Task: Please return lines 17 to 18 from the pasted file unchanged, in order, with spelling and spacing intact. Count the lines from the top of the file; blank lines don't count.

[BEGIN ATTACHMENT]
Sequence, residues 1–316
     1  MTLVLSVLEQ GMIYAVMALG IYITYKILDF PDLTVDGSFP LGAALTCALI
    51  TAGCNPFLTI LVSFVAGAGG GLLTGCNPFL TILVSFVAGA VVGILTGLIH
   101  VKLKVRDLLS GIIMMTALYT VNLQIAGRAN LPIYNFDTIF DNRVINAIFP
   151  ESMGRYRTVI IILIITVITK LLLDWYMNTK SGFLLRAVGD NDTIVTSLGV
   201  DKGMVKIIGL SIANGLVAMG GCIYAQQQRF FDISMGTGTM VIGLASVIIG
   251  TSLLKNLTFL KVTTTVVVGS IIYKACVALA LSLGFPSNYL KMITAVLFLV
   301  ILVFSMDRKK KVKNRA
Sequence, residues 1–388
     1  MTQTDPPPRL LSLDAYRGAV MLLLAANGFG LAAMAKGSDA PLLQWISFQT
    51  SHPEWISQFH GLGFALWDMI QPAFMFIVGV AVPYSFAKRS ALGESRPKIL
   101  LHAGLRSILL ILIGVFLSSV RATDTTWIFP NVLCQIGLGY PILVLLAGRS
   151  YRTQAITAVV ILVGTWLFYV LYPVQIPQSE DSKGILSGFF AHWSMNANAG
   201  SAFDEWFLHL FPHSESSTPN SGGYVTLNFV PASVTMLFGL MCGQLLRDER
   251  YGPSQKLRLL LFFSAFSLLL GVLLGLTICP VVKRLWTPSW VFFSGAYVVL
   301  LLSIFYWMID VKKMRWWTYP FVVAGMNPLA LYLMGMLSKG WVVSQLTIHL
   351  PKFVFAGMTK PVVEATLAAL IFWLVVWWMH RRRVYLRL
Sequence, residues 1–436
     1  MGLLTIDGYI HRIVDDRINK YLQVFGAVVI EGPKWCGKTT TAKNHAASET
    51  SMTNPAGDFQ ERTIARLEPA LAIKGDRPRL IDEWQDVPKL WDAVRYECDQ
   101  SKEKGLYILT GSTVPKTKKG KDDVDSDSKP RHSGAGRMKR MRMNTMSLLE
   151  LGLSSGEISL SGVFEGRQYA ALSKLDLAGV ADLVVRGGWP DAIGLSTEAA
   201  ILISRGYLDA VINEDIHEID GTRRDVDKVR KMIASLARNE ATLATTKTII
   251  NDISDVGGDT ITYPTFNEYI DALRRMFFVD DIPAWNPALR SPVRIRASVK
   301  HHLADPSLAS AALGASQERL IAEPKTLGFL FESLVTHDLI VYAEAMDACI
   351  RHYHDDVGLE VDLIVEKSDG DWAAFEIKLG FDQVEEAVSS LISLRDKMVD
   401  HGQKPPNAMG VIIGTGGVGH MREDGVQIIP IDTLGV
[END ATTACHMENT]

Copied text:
   351  PKFVFAGMTK PVVEATLAAL IFWLVVWWMH RRRVYLRL
Sequence, residues 1–436